Israeli government asserts that war on terror demands state of emergency extension

The Israeli government is expected today to once again approve the continuation of the emergency regulations in place since the country’s establishment in 1948. “There’s a fundamental need for the laws due to the war on terror,” the state asserted. The Israeli Defense and Justice ministers hope to pass new laws that will void the need to renew the state of emergency.
Israel Border Police officers at the Temple Mount Photo Credit: Reuters/Channel 2 News

During the government meeting anticipated for today (Sunday), the Israeli government is expected once again to approve an extension of the country’s state of emergency. This security situation essential to Israeli law has been in place since Israel’s establishment in 1948, despite claims that this is an undemocratic reality.

Over the past few years, a number of laws were passed, such as the Combatting Terrorism Law. However, Israeli Defense Minister Avigdor Lieberman and Israeli Justice Minister Ayelet Shaked claim that according to the Israeli security establishment, continuing the state of emergency is necessary. Shaked and Lieberman will present before their counterparts at the government table the decision meant to extend the state of emergency by another year.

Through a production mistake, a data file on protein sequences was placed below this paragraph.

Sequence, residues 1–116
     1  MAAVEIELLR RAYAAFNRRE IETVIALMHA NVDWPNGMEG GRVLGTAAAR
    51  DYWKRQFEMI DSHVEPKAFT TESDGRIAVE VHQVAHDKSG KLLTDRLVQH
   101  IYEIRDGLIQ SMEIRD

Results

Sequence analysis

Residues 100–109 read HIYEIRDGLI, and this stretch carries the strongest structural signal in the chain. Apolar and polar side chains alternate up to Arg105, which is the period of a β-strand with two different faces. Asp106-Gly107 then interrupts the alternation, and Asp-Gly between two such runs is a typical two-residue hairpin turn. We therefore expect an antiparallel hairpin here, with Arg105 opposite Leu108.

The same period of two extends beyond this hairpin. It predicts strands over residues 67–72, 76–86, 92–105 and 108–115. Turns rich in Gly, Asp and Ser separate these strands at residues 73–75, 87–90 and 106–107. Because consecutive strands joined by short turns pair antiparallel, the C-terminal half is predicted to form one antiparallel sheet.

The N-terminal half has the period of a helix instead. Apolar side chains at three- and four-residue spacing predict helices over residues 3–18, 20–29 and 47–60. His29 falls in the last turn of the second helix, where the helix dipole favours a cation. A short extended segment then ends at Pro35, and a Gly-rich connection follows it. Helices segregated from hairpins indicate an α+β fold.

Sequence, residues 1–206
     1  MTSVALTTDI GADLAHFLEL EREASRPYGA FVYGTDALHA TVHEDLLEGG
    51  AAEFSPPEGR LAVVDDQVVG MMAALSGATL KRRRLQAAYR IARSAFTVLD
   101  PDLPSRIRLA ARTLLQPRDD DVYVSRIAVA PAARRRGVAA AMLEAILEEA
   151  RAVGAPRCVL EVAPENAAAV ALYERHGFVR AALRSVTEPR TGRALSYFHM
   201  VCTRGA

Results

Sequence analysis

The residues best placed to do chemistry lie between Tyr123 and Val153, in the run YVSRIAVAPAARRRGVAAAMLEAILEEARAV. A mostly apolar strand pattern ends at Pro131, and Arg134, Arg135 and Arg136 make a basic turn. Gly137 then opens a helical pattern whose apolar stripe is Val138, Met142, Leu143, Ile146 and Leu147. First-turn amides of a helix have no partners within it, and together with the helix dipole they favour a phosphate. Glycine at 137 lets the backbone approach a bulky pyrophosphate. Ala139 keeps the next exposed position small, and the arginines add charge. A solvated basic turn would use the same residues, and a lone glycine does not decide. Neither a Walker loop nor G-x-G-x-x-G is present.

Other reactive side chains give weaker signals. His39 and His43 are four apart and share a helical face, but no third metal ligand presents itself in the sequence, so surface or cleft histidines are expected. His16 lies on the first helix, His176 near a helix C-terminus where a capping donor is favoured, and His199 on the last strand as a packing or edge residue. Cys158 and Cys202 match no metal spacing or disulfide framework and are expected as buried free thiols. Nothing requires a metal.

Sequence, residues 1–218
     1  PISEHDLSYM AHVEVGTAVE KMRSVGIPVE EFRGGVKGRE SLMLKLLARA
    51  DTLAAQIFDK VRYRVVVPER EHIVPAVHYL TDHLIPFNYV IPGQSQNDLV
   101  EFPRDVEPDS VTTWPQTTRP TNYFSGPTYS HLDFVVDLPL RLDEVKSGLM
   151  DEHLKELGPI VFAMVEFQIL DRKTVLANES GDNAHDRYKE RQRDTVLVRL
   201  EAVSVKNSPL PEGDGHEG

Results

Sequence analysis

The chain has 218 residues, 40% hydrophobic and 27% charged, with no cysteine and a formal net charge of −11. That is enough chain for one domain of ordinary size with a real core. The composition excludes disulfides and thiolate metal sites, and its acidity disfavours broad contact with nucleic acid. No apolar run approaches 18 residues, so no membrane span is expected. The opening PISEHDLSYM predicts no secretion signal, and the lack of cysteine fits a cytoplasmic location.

According to the Basic Law, the Israeli government will soon be required to present to the Knesset its request, as the current state of emergency expires on November 6, 2017. “In recent years, some of the powers enshrined within the emergency laws were used: this past year, dozens of orders were issued in order to conduct administrative detentions, a number of orders were extended in order to seize land for exercises with foreign militaries and for the purpose of stationing anti-missile and air defense batteries.”

Israeli government meeting Photo Credit: Ohad Zweigenberg/Flash90

“The state of emergency has unceasingly existed in Israel since May of 1948,” the bill reads. “The security circumstances prevailing in the country demand the continued existence of the powers vested in some of the said laws due to the security forces’ needs for the war on terror.” Lieberman and Shaked also noted that Israeli security officials insisted on extending the state of emergency until new laws are passed, including an amendment to the Citizenship and Entry into Israel Law, the new Hours of Work and Rest Law meant to void the need to declare a state of emergency and several others.



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